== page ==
Sometimes You Don’t Even Know How Many Issues You Have…
… Until someone comes along to fix them.
I had been quietly dreading this time of the year–the push time, when we’re really jamming to get all the footage organized and ready to hand off to our editor. The reason? We still had some lingering workflow problems I did not know how to deal with. Jump back a month or so, and here is what you find:
- We have a massive amount of footage that needed to be transcoded to work readily with our (and also our editor’s) editing software. We are using Adobe Premiere, and Fiona is probably going to use Final Cut Pro.
- This huge pile of footage includes stuff from cameras that didn’t exactly play nice with our field backup and file organization program, meaning we have some problems to solve.
- We have a rather sprawling data organization system–over the years of working on this project (and our other work, of course) we have accumulated something like 20 external hard disk drives, for a total of somewhere around 20TB of material. Even in my most focused moments, I can hardly get my head around this, and it weighs on me every day.
- We have more team members than we have solid computers–we know we need a new machine, but we don’t know what’s the best next step, given our capacity and our needs.
- We need our computers to be able to talk to each other, and we need–somehow–to sort a server for the main active set of files–our footage from Nepal.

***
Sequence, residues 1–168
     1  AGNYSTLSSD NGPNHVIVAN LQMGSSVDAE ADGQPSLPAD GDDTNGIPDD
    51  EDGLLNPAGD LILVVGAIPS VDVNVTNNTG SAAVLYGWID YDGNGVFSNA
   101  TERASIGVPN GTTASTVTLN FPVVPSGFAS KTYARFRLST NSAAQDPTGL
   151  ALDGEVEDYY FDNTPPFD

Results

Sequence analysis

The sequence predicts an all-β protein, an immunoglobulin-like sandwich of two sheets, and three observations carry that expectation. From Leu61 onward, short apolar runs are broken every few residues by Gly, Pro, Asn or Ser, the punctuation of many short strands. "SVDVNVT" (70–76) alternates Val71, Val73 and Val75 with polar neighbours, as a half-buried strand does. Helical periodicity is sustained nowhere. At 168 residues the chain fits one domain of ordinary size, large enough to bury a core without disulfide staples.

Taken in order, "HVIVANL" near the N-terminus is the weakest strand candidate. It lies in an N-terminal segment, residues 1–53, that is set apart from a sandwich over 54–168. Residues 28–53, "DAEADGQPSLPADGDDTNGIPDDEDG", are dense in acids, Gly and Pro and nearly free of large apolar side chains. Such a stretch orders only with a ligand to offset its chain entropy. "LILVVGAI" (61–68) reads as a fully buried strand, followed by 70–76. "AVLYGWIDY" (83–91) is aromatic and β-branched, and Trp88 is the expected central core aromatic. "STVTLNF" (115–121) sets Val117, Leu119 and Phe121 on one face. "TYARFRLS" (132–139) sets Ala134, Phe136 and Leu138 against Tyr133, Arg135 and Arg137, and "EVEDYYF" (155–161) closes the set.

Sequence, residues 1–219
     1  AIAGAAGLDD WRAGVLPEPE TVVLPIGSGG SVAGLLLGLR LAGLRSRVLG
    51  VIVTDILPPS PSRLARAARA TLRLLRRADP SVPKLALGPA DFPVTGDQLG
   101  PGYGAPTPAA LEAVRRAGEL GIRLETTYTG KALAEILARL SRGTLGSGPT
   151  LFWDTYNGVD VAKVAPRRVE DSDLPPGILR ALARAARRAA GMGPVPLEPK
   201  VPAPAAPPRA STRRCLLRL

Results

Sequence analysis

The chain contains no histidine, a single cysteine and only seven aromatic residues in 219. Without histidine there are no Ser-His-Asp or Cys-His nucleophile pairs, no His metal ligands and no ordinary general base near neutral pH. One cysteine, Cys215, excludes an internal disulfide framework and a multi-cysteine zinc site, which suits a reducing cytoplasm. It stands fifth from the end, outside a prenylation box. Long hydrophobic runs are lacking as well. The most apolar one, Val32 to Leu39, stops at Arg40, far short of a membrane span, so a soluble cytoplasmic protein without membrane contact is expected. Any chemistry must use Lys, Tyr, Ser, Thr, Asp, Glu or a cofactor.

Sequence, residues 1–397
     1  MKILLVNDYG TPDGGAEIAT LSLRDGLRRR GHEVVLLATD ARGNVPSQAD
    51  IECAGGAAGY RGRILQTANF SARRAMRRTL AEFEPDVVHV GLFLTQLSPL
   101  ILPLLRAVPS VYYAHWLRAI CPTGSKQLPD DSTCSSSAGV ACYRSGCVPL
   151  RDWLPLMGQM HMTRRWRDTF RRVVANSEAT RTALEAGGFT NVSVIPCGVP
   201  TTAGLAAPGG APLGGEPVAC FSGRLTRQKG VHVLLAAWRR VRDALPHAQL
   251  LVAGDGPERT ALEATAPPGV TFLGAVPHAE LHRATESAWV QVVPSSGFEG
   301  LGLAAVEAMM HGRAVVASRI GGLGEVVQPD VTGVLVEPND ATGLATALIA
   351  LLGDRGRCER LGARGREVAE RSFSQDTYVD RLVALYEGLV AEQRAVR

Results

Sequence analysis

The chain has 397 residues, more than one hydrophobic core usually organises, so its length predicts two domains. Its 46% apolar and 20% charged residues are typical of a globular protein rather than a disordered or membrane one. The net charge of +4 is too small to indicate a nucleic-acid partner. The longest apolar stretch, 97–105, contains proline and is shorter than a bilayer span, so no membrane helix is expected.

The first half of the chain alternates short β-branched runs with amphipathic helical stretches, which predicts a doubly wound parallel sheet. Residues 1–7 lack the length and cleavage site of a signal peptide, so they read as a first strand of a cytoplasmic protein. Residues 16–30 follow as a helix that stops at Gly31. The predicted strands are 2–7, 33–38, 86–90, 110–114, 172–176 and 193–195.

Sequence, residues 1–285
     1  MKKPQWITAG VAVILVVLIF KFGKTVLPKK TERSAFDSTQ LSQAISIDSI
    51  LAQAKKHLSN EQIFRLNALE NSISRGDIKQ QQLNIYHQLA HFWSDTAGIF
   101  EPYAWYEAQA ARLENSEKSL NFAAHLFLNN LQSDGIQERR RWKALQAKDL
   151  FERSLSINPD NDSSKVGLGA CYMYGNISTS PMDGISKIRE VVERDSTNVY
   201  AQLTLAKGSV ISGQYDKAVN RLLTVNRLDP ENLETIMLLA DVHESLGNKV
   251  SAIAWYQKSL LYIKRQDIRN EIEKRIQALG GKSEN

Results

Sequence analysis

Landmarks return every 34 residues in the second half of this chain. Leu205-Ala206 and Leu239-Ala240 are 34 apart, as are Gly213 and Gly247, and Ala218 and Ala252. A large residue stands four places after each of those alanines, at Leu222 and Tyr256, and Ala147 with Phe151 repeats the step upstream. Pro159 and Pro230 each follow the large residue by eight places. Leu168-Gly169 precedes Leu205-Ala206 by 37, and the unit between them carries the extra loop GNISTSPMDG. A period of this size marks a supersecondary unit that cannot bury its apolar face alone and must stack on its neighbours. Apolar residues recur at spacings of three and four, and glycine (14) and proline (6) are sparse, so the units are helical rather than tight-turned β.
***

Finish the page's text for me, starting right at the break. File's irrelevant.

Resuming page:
want NEED to keep our studio/office somewhat civilized and tidy. That data sprawl has a way of creeping all over desks and floors and up walls and into corners and out into the middle of the room.
- We have basically no idea how to make all of that happen. Particularly not in the ever-shrinking time between now and when reality sets in, with our deadline to hand stuff off to Fiona.
Enter Jim Grisham.
Jim on the right.
Friend of our accountant, Nancy McClelland, Jim learned of our Kickstarter within minutes of its launch (because Nancy is rad and posted up a giant share on Facebook the second she got the announcement!). He donated early and generously, and then stuck with us long enough to put the Kickstarter over the top.
Well, we struck up a bit of a friendship and in the year since, he’s gradually come to be a great friend of the production and to us. But the most amazing thing is that he is a nuclear engineer and an inveterate, compulsive, joyful IT wizard.
In about 1/15th the time I could manage it, Jim has licked all of the problems laid out above, with a twinkle in his eye and a lot of good fun and humor along the way. We are astonished, and grateful.
The universe is throwing quite a team our way.
With Jim’s help I built this nifty printer stand from some scrap wood. Cost about $9 in fasteners and freed up space on our big worktable/standing desk…
…which is good because now it’s full of all our drives–a few of them here getting an information architecture whammy put on them.
I spy with my little eye… information architecture! Who knew you could think this stuff out?
On the outskirts of TGWKTM Hard Drive City.
And here a visit to one neighborhood of the urban core.
Jim’s now a full fledged TGWKTM team member. It’s working. He says he’s just in it to get into the James Franco parties we keep getting invited to. Heh.